If you talk with someone about their sexual history and decide it seems 'safe' (relatively speaking) to have unprotected sex together would you still advise getting tested afterwards? And, if so, what would you advise being screened for? I ask because STI testing can be quite costly.
Also, whether I am doing things like that or not, how often should I be getting tested anyway??? Obviously, it would be ideal to be tested after each new partner, but what is the practical and advisable number if there doesn't seem to be an obvious risk for infection? Every 2? 5? More?
Thank you. I hope this question is not too confusing.
There are several realities here, none of which is going to make you happy. Unprotected sex is risky no matter what, unless you and your partner have never had previous sexual contact with another person. STIs are so common now that not using a condom is playing roulette, but the most common STIs (HPV and Herpes) are not prevented by condoms.
No STI testing is 100% guaranteed to detect infection, no matter what you are testing for. So a "clean STI evaluation" is somewhat reassuring but never completely reassuring, no matter how frequently it is done. You are being tested for potential exposure to any STI your partner's former or current partners may have, as well as your partner's partner's partners and so on and so on. You get the picture...
There is no standard recommended time period between STI testing visits. If no change in partners (mutual monogamy), every 4-6 months for a year makes sense, and then if nothing shows up, annually. With a change in partners, a minimum of every 3 months until you are at least a year with nothing showing up.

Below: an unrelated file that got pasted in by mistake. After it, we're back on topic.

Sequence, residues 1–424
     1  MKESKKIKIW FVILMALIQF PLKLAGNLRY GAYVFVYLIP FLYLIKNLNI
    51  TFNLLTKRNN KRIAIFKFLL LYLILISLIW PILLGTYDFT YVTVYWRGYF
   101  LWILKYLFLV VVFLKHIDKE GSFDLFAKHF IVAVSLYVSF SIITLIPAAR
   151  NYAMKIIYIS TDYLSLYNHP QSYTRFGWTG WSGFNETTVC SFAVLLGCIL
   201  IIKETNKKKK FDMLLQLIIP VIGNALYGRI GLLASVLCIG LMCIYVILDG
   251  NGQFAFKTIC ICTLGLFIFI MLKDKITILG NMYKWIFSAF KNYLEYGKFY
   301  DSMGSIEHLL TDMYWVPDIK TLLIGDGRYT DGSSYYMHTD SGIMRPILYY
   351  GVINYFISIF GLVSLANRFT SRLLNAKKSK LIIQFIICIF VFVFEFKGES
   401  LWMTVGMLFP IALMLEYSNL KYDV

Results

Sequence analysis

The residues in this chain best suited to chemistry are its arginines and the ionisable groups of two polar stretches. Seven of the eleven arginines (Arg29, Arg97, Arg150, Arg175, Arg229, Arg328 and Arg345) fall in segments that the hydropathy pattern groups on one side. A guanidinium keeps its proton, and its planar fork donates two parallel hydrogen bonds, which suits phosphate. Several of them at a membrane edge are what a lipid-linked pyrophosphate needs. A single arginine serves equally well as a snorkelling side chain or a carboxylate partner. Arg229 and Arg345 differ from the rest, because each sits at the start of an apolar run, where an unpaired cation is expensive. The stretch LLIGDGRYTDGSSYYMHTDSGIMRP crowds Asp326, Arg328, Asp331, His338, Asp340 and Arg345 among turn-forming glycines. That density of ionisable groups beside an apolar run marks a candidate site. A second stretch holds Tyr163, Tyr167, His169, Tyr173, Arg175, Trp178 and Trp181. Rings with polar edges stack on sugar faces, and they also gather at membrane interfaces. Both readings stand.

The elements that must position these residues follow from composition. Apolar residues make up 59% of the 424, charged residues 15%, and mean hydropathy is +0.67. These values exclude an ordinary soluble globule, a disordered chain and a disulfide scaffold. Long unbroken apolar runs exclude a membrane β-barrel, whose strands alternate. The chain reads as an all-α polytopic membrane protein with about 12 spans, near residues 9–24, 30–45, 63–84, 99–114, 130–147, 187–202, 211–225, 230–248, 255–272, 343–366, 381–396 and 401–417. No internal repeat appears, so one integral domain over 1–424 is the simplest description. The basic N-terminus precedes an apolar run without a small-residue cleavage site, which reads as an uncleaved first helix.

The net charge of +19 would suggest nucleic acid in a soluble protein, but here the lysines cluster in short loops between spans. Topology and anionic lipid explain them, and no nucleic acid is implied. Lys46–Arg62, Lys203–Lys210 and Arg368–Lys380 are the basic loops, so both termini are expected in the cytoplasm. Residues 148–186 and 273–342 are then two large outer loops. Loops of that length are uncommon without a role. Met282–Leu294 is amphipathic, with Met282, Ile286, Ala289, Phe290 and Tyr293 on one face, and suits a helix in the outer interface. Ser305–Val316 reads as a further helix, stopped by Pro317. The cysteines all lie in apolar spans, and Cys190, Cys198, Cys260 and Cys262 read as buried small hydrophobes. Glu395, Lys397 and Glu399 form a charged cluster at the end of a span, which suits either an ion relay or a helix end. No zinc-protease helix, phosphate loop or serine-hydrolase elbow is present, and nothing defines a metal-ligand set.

Make sure you have Hepatitis B immunity on blood testing from previous vaccination. Make sure, if you are female, you have received the series of three HPV (Gardisil) vaccinations.
There is no test for males to detect Human Papilloma Virus, and testing in females does not accurately pick up external (vulvar) HPV. Herpes testing shows history of exposure only, not whether you are actively infected, unless a lesion is tested. Blood tests for Hepatitis B and C, and HIV have a window period where they will be negative before they turn positive, which is why follow up testing is so important. Chlamydia and gonorrhea testing is always a good idea since they are treatable.
You are taking a calculated risk anytime you are sexually active, protection or not. Reduce the risk as much as possible by 1) delaying sexual intimacy in a new relationship, 2) making sure you have the immunity that vaccinations offer, 3) using protection every time from start to finish and 4) knowing your partner's history. You can avoid a great deal of worry and grief caused by infections that can be life long, and that you can end up giving to someone you love.